I promised more about my travels to Texas, didn’t I? Megan and I visited the Texas State Fair in October, staying for the second time at the Hyatt Regency Dallas near Reunion Tower.
I was pretty pleased with my first stay, especially when I found out they serve cinnamon bun French toast—effectively a cinnamon bun sliced up and prepared into French toast with candied nuts and fruit. Much better than using cinnamon swirl bread. I did mention that free breakfast is one of the main reasons I go for Diamond status, right? Alas, this item is no longer served, but we still enjoyed the property.
The Hyatt Regency Dallas is currently in the midst of renovations, and we were fortunate, owing to my elite status, to be assigned one of the renovated rooms with a view of the city. I can’t find my pictures of the old room, but it was definitely an improvement and shared many of the features I saw previously at the Hyatt Regency Santa Clara. (Since I don’t know why I took so few pictures of the room, check out the HR SC review and imagine it in black.) It also meant I wasn’t able to check out the pool. There was one couple in their bathrobes and swimsuits wandering around looking very confused… I did catch a picture of the gym, since some readers have requested it.
Overall we enjoyed our stay very much. The location is convenient to the freeway, which runs behind the building. In front of the building is the train station and a light rail station. We could have taken light rail to the State Fair but decided against it.
Once inside, I’ve always encountered very friendly staff at the front desk. Check-in was smooth, and we took the elevator up to our room near the top floor. You can find most restaurants and other amenities on the second floor, which is overlooked by a large atrium with a glass wall on one side and a view of Reunion Tower, an observation tower that hosts a Wolfgang Puck restaurant.
Our newly renovated room was one of the few “perfect” rooms I’ve enjoyed. Sometimes new rooms look like corners were cut. Even at luxury hotels you’ll see prissy baroque furnishings that nevertheless get scuffed or dinged or manage to look cheap (e.g., The Venetian in Las Vegas). I saw none of that. The room may be a bit on the small side, but I appreciated it was constructed well.
The only real fault was that the desk wasn’t in front of the window, but I’m not sure I’d want that in Texas. I did appreciate that there was a power-controlled blackout curtain for the window, a chaise lounge by it for Megan, and another Eames chair on the other side of the bed for me. I’ll have made it as a blogger when I can buy my own Eames chair.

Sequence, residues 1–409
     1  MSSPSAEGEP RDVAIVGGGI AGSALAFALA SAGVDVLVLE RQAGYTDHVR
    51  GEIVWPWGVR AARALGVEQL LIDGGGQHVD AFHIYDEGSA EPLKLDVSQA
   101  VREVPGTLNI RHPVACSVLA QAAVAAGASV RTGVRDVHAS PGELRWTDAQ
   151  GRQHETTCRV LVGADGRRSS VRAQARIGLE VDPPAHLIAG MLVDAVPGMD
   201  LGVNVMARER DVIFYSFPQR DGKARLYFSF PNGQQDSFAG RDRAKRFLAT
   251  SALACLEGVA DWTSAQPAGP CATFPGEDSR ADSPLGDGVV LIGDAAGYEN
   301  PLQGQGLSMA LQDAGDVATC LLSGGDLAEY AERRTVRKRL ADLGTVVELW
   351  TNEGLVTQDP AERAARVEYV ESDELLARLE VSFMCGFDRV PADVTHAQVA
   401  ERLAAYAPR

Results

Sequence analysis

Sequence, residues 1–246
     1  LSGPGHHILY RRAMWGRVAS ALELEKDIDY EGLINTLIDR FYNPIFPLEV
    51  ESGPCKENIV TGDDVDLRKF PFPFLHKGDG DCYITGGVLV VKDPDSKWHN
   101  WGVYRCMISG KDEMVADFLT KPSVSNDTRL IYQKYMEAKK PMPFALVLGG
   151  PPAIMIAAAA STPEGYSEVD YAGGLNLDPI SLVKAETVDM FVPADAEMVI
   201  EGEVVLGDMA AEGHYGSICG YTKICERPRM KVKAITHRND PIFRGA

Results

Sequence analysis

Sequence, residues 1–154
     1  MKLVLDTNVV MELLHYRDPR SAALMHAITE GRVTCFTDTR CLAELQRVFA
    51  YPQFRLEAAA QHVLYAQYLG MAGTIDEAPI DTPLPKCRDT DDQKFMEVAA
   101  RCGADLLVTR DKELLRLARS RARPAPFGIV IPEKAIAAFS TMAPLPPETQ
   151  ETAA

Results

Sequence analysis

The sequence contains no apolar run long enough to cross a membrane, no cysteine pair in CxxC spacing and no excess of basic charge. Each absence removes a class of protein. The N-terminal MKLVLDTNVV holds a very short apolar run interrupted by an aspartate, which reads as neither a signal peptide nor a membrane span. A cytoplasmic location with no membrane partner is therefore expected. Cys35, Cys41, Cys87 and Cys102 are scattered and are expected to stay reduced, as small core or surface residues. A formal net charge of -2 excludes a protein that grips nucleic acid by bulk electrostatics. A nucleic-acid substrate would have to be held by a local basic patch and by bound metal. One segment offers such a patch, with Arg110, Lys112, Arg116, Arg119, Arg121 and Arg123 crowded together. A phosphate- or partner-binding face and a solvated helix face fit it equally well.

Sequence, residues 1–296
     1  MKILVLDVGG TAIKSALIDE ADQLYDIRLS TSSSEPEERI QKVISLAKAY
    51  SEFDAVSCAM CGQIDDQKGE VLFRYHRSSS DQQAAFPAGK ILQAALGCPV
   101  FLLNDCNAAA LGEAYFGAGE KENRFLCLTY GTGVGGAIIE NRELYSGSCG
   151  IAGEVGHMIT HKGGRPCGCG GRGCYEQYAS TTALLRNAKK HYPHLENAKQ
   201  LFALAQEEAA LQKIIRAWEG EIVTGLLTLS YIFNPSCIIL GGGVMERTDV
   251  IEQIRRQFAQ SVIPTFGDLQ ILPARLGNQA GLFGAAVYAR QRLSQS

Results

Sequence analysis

I’ve noticed that some Hyatt hotels have been incorporating local features during their refurbishments. In this case there was a graphic along the back wall above the desk with the Trinity River depicted “then” and “now.” It’s always good to avoid the generic you-could-be-anywhere feel in hotel rooms. In a similar vein, the Hyatt Olive8 in Seattle includes a book with short pieces by local writers called What to Read in the Rain.
Here are a few notes about navigating this hotel’s amenities and other “features.” The fact I have to make this list is a small mark against, but I do still like this hotel when in the area.
You pretty much need to valet park at this hotel. It’s a reasonable $12 or so, and the service is good. I think it’s a bit extreme when they circle the car first and look for damage. If the weather is especially hot, there is often water outside and inside the hotel. Self-park lots are available for roughly $5 at the north and south ends of the hotel. Only the north lot has security, but it was closed for an event when we were there. It is not an easy walk nor is it especially safe at night, so I would use the valet.
The hotel is directly across from the train station, and every train (including freight trains and passenger trains just passing through) will toot its horn. It can make it a bit difficult to fall asleep even wearing earplugs, but I am a light sleeper. I’m not sure if it would be better to ask for a room on the opposite side of the building, but then you would lose the view of downtown. Megan, for the record, did not complain.
The status of this hotel’s Regency Club is vague. Breakfast is included for Diamond guests, but you won’t receive the additional 2,500 bonus points you would receive if the club is temporarily closed on weekends or for renovations. That’s because the club has been “closed for renovations” for years.
We actually passed by it, with a glass door that said “Regency Club” on the front. Inside was dusty old furniture and lots of boxes and mess. Frankly, it looks bad. I can understand if they are never going to reopen it, but they could at least clean it out and remove the sign if they aren’t going to be providing the bonus points.